Green Gold

I like asparagus. So does Karen. It’s without a doubt our favorite vegetable. Back in the US where it is available pretty much year-round, we eat it year round, perhaps a couple of times a week. We were understandably excited several years ago when we first arrived here, looking forward to local asparagus, and probably because the French do such things, some kind of asparagus festival.

Alas, we arrived in the fall. And, this being France and not the US, almost everything is seasonal and indeed t’was not the season of asparagus. That, we were told, would be in spring. So we waited, sans asperge, through the winter. But when the first warm breezes of springtime stirred the air along the Loir announcing the arrival of the Time of Asparagus, we were left a-wanting, deeply disappointed, and culinarily stymied by The French Asparagus Conundrum.

Asparagus, you see, to the French is not green; it is white. It is not pencil thin and green, oh no. It is white as an albino rat, as long as a rolling pin, and as thick as the grip of a Louisville Slugger. They positively love this stuff. They go ga-ga for it. When the season arrives you find grocery stores and markets with enormous bins of white asparagus; French folk voraciously fighting to get to it as if there was a lost lottery ticket at the bottom. Worse, it is almost impossible to find green asparagus anywhere. If you do somehow manage to find some after a long search, its is almost always a meager little bunch or two forlornly tucked away in a corner somewhere, like a mistake.

Down the road from us is an asparagus farm. Amid this white asparagus hysteria we thought we would go to the farm and at least there possibly find some green asparagus. Wrong. All they had was white, and God knows there were tons of the stuff and a line of people queing up to get at it. They haul it away in big bunches, with a desperation driven by a short harvest season, after which it is gone again until the next year. I say good riddance. We hate the stuff.

Well, OK. Maybe hate is too strong a word. But in the 30-plus years we have been together we have chosen to buy white asparagus to take home and cook, let me see now….oh yeah. Never.

We were at a clandestine barbecue at Alex and Christophe’s recently (covid, you know) and when we casually mentioned our preference for asparagus of the green variety a stunned hush fell over the table. When we told them back in the US we eat it several times a week, year round, they thought we were lying. When we told them in no uncertain terms we don’t like white asparagus, they thought we were mad, launching into impassioned descriptions of how yummy it is. What don’t you like about it, they asked ?

“Well,” offered Beloved Wife, ” just the taste and the texture,” pretty much covering all the bases and leaving the white asparagus loyalists shaking their heads. We have no idea why this is the case, but it is. They act as though green asparagus is some kind of luxury item or decadent indulgence.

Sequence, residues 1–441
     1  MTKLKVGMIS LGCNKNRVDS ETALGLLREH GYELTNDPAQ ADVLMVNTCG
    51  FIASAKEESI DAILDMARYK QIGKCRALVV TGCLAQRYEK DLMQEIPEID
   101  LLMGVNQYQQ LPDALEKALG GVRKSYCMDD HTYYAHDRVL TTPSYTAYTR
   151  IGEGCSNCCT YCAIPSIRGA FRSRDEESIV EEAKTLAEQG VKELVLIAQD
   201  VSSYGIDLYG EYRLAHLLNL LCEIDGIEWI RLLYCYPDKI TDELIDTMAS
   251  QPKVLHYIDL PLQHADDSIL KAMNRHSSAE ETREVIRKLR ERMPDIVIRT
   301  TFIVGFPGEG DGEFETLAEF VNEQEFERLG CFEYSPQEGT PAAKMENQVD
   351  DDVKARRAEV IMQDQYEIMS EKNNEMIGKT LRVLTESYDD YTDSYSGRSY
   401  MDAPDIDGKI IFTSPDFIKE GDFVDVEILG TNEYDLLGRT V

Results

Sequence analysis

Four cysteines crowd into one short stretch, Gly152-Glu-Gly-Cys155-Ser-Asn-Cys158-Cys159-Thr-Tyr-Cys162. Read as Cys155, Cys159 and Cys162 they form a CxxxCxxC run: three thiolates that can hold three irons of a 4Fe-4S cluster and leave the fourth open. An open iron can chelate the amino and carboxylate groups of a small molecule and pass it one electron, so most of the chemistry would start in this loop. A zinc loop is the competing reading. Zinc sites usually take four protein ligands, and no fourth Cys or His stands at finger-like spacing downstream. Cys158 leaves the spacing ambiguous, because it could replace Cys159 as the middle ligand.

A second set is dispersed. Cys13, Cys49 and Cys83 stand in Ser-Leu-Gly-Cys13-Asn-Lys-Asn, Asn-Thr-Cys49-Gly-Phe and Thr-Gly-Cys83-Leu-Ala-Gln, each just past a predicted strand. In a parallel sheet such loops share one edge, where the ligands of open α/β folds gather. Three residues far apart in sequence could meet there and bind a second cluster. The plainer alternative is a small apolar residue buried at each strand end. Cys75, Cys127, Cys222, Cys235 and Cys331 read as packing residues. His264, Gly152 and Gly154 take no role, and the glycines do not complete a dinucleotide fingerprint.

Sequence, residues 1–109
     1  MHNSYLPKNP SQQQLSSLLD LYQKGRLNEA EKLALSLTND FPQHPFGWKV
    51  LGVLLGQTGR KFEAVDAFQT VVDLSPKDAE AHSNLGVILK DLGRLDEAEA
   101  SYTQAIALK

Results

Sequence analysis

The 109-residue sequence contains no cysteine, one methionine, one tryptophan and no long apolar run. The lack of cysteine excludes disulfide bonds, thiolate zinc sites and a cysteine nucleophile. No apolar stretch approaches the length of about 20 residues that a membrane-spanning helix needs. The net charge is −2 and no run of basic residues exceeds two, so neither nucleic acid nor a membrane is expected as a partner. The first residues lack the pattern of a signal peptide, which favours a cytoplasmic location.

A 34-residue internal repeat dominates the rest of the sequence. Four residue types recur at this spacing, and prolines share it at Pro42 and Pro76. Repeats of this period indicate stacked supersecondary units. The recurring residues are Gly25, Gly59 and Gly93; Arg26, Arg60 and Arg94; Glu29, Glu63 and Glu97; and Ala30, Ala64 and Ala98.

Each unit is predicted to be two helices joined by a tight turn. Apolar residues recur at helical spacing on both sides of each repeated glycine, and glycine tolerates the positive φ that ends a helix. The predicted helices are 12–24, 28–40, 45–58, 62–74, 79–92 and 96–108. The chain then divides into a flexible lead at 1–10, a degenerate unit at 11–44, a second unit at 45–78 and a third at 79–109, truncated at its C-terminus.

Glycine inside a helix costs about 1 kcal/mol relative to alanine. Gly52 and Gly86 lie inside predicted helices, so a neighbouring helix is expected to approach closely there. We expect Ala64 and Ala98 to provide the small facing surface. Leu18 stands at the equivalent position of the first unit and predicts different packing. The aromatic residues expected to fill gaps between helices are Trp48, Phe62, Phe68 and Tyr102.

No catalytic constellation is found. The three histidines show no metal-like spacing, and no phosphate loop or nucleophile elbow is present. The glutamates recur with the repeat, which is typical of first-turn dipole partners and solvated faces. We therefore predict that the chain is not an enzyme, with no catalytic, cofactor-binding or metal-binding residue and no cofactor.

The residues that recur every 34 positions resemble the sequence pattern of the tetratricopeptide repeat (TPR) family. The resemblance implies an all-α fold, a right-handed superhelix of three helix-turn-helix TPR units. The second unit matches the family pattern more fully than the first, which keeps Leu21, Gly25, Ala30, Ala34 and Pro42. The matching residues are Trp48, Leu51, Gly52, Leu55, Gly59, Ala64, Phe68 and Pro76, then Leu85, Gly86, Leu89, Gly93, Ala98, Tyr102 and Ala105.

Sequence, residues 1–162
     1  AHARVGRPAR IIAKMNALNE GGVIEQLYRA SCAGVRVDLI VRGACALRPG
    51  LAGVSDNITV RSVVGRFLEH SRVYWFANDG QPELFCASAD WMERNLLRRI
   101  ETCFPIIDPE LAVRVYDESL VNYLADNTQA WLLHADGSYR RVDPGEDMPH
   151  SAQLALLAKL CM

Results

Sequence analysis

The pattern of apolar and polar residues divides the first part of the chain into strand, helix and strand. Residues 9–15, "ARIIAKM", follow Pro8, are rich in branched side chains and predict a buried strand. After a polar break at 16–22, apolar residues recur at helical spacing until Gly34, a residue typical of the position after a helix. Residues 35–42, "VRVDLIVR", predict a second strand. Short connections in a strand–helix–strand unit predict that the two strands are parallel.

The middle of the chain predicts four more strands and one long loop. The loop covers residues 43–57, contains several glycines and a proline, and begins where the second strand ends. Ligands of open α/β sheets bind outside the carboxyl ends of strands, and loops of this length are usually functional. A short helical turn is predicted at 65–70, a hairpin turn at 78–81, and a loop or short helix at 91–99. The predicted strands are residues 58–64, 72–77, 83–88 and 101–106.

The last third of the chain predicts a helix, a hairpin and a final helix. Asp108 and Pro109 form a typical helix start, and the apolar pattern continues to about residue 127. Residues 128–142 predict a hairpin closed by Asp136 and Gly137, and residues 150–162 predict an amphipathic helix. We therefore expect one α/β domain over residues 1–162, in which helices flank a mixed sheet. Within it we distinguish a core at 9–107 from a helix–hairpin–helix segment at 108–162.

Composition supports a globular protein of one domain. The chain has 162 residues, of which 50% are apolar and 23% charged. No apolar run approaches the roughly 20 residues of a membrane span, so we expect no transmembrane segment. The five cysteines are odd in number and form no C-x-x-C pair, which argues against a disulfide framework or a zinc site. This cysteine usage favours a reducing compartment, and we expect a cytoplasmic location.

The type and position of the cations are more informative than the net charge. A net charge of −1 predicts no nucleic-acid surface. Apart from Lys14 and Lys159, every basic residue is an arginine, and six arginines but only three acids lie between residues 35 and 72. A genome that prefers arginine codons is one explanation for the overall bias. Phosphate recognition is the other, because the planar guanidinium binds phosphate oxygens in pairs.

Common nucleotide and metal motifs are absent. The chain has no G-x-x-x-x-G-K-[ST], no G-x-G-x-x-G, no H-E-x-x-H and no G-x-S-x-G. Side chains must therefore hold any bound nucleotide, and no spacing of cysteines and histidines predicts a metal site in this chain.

And so it was that a few days later in a conversation eerily reminiscent of the Great Turkey Score of several years ago, our friend Celine, who knows of our strange taste in vegetables, sidled up to me and said, in effect, ” Listen, I know this guy who grows green asparagus and I think I can get you some. Are you interested?”

“I know this guy ” seems to be a major conduit of commerce in France.

“WHY HELL YES !” I was tempted to say I’ll take all he has, but I balked at the prospect of a black market truckload of green asparagus pulling up to the front door of chez nous in the middle of the night.

“A kilo ?”

” Sure, you betcha. A kilo is fine.” It was sounding more and more like a drug deal.

Nothing was mentioned about it over the next week or two that we saw Celine. Then last weekend when we were over for coffee she proudly presented us with two bunches of beautiful, glorious green asparagus. No questions were asked. Karen was so excited I had to restrain her from grabbing the loot and bolting for home immediately.

Beloved Wife is not given to hyperbole. Yet that evening, before I could utter a similar thought, she said, “This really is the best asparagus I have ever tasted. Do you think Celine could score us some more ?”

“I dunno. I’ll have to ask her if she can get in touch with the guy.

And now we wait. Word has been sent.

4 thoughts on “Green Gold

  1. This is one of the funniest things I’ve ever read!
    Thanks buddy and I hope all is well!

    Dave Domitrovich
    Chief Mechanical Officer
    East Broad Top Railroad
    421 Meadow Street
    Rockhill Furnace, PA
    17249
    717-645-5757 (Cell)

    Liked by 1 person

  2. Thank You Dave! Much appreciated. All is well, indeed. Life here is good.
    Meanwhile, love your photos, ya photogenic bastard. My father, who was a passionate Pennsy train spotter, would have loved them).

    Congrats to you and Jen!

    Like

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